Congress

The Looming Republican Crackup Over the Sequester


Marine Gen. John Allen, the top U.S. commander in Afghanistan testifies
on Capitol Hill in Washington on  March 20, 2012, before the House Armed
Services Committee hearing on Afghanistan.

Photograph by J. Scott Applewhite/AP Photo

Marine Gen. John Allen, the top U.S. commander in Afghanistan testifies on Capitol Hill in Washington on March 20, 2012, before the House Armed Services Committee hearing on Afghanistan.

Since the first days of the Obama administration, the reigning dynamic in Washington has been an intense, at times apocalyptic, struggle over the size of government. It shaped the battle over the original stimulus, over health-care reform, and over each of the endless series of budget crises—the continuing resolution to fund the government, the debt ceiling increase, the fiscal cliff—that have threatened to blow up Washington (or worse). It shaped the presidential race, too.

The reason why this dynamic has held for so long is that it ordinarily unites the disparate factions of the Republican coalition. But beneath the surface, there’s a lot that coalition doesn’t agree on, and the next big budget battle due to arrive at month’s end—automatic spending cuts known as “sequestration—threatens to expose the rift between one wing of the party (antitax Republicans) and another (defense Republicans).

Sequestration is the result of the two parties’ failure to agree on long-term steps to reduce the deficit, and it was never supposed to kick in. Instead, it was intended to function as a threat so dire to both parties’ interests that it would force them to come to an agreement rather than accept huge across-the-board cuts to cherished interests: $500 billion from military spending and another $500 billion from social programs.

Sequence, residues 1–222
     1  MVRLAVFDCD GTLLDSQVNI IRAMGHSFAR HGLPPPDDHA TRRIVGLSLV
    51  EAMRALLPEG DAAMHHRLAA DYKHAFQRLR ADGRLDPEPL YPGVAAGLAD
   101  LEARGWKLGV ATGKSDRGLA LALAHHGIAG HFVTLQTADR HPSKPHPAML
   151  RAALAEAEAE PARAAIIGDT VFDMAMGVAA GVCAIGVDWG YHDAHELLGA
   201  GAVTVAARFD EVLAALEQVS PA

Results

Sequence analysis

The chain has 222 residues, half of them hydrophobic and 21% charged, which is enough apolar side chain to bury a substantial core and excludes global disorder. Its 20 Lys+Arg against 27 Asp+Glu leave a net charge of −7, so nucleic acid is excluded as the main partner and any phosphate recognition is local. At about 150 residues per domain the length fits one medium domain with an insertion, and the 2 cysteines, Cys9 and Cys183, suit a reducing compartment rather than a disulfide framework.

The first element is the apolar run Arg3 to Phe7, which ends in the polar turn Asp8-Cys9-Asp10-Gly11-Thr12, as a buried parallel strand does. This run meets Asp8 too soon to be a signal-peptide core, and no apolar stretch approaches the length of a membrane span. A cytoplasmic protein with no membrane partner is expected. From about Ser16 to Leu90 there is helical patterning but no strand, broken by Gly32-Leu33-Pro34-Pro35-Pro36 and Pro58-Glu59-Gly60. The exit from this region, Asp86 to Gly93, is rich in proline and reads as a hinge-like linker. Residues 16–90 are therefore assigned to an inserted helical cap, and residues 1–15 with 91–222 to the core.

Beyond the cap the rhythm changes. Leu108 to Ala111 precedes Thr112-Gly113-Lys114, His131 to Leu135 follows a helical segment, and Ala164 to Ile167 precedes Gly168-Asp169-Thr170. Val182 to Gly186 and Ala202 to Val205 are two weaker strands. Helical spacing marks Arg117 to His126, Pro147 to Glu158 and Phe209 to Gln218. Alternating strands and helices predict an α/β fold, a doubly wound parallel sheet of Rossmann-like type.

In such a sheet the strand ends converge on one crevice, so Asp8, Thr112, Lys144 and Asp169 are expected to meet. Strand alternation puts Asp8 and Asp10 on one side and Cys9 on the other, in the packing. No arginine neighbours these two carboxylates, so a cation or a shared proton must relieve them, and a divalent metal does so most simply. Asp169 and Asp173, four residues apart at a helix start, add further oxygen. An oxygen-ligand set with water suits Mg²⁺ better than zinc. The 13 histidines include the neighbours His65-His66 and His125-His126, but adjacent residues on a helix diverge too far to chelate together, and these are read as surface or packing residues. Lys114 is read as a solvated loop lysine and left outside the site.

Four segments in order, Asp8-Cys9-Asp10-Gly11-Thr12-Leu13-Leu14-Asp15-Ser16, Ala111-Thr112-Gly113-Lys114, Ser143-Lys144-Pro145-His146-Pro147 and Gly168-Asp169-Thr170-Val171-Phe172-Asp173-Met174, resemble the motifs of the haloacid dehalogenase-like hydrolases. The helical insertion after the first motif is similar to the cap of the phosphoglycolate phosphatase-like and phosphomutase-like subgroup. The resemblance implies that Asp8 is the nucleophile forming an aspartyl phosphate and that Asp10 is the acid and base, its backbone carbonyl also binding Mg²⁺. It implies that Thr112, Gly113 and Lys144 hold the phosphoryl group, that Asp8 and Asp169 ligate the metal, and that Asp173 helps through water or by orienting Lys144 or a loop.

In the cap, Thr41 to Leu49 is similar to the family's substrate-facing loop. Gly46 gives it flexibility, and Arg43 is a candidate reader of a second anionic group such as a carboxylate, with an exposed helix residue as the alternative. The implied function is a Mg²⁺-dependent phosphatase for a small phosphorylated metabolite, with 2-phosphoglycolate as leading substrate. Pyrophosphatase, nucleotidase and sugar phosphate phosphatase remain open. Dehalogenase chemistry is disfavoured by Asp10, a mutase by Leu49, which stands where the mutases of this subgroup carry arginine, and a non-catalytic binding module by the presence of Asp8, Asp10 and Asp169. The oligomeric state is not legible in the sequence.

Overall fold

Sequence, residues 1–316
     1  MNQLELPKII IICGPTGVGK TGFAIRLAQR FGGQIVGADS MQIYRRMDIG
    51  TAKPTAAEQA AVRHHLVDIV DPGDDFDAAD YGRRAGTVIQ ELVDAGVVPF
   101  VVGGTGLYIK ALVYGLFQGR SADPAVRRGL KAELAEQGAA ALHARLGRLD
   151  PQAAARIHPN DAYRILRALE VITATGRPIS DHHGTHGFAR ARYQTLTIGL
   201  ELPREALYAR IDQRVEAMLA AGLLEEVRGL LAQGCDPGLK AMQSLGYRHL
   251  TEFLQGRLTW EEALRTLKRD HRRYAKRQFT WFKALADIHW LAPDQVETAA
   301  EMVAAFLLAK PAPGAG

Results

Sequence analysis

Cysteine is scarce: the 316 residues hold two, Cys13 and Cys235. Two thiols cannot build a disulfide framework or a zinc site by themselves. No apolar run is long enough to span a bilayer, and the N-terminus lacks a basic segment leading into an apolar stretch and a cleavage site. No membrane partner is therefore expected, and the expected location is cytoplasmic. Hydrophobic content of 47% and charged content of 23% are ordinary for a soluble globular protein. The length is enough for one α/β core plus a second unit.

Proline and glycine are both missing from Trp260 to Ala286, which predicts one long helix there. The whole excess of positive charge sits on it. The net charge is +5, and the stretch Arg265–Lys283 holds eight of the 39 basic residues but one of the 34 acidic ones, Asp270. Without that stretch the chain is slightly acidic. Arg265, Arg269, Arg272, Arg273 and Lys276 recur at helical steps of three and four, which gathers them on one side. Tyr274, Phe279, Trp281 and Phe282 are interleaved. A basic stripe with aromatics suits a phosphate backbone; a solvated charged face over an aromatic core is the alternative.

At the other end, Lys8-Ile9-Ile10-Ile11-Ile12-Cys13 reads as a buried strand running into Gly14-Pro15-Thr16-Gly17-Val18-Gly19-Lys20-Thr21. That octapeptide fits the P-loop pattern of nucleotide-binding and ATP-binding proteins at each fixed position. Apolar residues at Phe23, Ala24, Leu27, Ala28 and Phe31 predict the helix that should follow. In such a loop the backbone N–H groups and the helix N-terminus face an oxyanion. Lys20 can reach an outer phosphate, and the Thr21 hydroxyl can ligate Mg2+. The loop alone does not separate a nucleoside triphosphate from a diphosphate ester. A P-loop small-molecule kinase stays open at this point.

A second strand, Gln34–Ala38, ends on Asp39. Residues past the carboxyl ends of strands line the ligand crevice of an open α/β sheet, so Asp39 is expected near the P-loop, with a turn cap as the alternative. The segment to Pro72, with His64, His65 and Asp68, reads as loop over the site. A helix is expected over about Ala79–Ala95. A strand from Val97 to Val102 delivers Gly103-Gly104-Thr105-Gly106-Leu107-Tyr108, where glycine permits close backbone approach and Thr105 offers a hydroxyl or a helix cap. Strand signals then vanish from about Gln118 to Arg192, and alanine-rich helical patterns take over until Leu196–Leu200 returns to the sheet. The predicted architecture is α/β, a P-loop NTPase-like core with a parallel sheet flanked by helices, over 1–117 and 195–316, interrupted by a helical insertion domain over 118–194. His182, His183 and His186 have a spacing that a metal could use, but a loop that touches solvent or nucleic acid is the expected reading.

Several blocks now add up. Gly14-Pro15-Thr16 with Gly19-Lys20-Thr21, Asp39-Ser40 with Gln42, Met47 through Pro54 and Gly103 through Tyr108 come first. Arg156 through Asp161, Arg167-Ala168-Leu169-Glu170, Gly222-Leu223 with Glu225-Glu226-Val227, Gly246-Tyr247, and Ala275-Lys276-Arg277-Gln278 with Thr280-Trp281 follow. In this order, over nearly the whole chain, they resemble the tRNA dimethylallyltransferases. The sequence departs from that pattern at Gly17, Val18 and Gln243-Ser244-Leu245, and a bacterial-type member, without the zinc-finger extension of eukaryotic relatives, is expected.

But that struggle over the size of government has prevented Congress from reaching an agreement to avoid the cuts, and now most people in Washington expect they’ll kick in on March 1. Although Republicans hate the defense cuts and insisted before the election that they were “draconian” and unacceptable, they’ve lately made a big show of their willingness to accept them after all (a stronger position from which to negotiate with Obama). Antitax conservatives are fine with the cuts, since they’d continue to shrink the government. But defense-minded Republicans are increasingly terrified at the ax about to fall on the Pentagon’s budget.

Although it’s been overshadowed by other fights, this showdown between antitax and pro-defense Republicans has been brewing for a long time. In 2011, my Bloomberg colleague Kristin Jensen and I noted the discomfort that many defense Republicans felt about the sequester, as well as their willingness to abandon their antitax brethren if necessary.

“I have never voted for a tax increase,” House Armed Services Committee Chairman Buck McKeon (R-Calif.) said back then. But were that the only way to avoid cutting the Pentagon’s budget, he added, “I would go to strengthen defense.”

McKeon has been notably silent in recent weeks. But other defense Republicans have begun speaking out. “I think any alternative is better than allowing the sequester to take effect,” Representative Tom Rooney (R-Fla.) told the Huffington Post on Tuesday. “If you could say would you rather hollow out the Pentagon or increase taxes, I would support the latter to make sure that we didn’t lose our capability to maintain our superpower status.”

The clash between the two wings of the Republican Party will only intensify as the March deadline approaches. Obama may put off that reckoning if he succeeds in delaying the sequester for a few months. But the past two years have demonstrated that the Republican crusade to shrink government will eventually force it to reconcile this tension within the party.

Green_190
Green is senior national correspondent for Bloomberg Businessweek in Washington. Follow him on Twitter @JoshuaGreen.

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